Wednesday, July 3, 2013

Restless Times, Big Love and Nagging Questions

This is the fourteenth chapter of a series excerpted from “Maverick Chronicles,” a memoir-in-progress. Previous stories can be found at VTDigger. By Greg Guma

Visiting Nicaragua as part of a peace delegation in 1983 was an inspiring experience. But I also noticed that the Sandinista road had some potholes. In bookstores, for instance, I saw only Marxist literature and imports from the Soviet Union. The country’s literacy crusade had made a huge difference, but right-wing propaganda was being replaced by ham-handed left-wing indoctrination.
Paulo Freire teaches
As a student of Paolo Freire, the Brazilian educator whose approach stressed the development of critical consciousness, I concluded that Nicaragua’s revolutionaries were passing up a chance to transform society. "We are unfinished beings in an unfinished reality,” Freire had explained in class. “We become educated every day. But education doesn't have to do with the quantity of information you eat. You are educated to the extent that you are engaged in creating knowledge."
     But how is knowledge created? I had asked.
     “Knowledge is a mixture of thought and action which becomes like a ball in permanent motion,” he said. “It moves in spirals until the 'teachment' comes forth and knowledge appears."
     The process sounded a bit like giving birth, a painful but liberating experience. Knowing demands reflection, action, curiosity, patience, hope to create and taking risks, Freire explained. But in most schools, the acts of knowing and creating new knowledge are divided, so places of education have essentially become shopping centers that sell existing knowledge.
     "In Latin America fatalism is expressed in reliance on God,” he said. “In North America it is the power of the establishment and technology that replaces God. It is as though history is already finished and not being created and growing."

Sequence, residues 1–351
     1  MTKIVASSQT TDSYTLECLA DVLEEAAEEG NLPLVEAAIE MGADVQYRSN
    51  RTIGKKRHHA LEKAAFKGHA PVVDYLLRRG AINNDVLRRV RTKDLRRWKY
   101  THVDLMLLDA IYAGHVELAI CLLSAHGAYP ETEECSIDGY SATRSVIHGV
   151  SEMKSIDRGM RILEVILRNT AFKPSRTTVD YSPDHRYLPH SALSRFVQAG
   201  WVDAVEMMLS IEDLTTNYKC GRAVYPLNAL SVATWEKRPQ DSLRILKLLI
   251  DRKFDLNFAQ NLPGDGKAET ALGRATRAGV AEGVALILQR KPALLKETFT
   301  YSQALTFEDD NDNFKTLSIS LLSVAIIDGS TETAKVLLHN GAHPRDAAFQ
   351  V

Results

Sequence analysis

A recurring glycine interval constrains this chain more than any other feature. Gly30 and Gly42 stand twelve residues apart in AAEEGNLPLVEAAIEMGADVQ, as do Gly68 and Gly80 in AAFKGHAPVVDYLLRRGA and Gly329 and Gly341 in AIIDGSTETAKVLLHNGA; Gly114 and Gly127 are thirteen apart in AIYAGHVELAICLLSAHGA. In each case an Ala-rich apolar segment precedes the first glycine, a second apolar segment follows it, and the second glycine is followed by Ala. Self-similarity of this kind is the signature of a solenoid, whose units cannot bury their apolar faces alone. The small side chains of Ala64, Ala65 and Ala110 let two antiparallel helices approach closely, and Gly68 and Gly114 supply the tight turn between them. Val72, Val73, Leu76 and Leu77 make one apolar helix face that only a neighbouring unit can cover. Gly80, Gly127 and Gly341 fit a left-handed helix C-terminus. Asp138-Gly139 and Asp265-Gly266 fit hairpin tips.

When I shared my impressions of Nicaragua during a speaking tour, some people in audiences nevertheless objected to my questions about the Sandinistas’ decision to suppress dissent or censor books and newspapers. They have no choice, folks said, pointing to US attempts to overthrown the new regime. They were right. The Reagan administration was funding a violent insurgency and other forms of destabilization. But the Sandinistas weren’t perfect, and support for them need not exclude a bit of constructive criticism.
      Self-criticism was supposedly an aspect of the Left’s approach to process. When it came to “our side,” however, any break from “unity” could be grounds for a charge of disloyalty, perhaps even “collaboration” with the enemy.
     Frustrated with such reactions, I stopped speaking about politics in public for a while and returned to the book business to launch Maverick Bookstore and Gallery in Burlington’s Old North End. The name felt appropriate, philosophically and because the Lloyds, my son’s family on Robin’s side, were related to the Maverick clan in Texas.
     Samuel Maverick was a big Texas personality and the origin of the word’s modern usage. The official story is that he won a ranch in a card game and afterward declined to brand his steers. Unbranded steers became known around San Antonio as mavericks.
     The TV show Maverick was pure fiction, but there was a large maverick family. Robin’s grandfather married Lola Maverick. He became famous briefly as a so-called “Communist millionaire;” she helped organize the Ford Peace Ship before World War I and co-founded the Women’s International League for Peace and Freedom. Some of their children were activists as well, including Robin’s dad Bill. So, when I thought about an independent enterprise, not to mention my journalism and peace work, the name felt apt.
     Running a local business replaced political arguments with community service, brought in a modest income, and provided the opportunity to create an outlet for new community projects. But I was still restless, and spent considerable time over the next several years in Europe, seeing as much of the world as I could afford.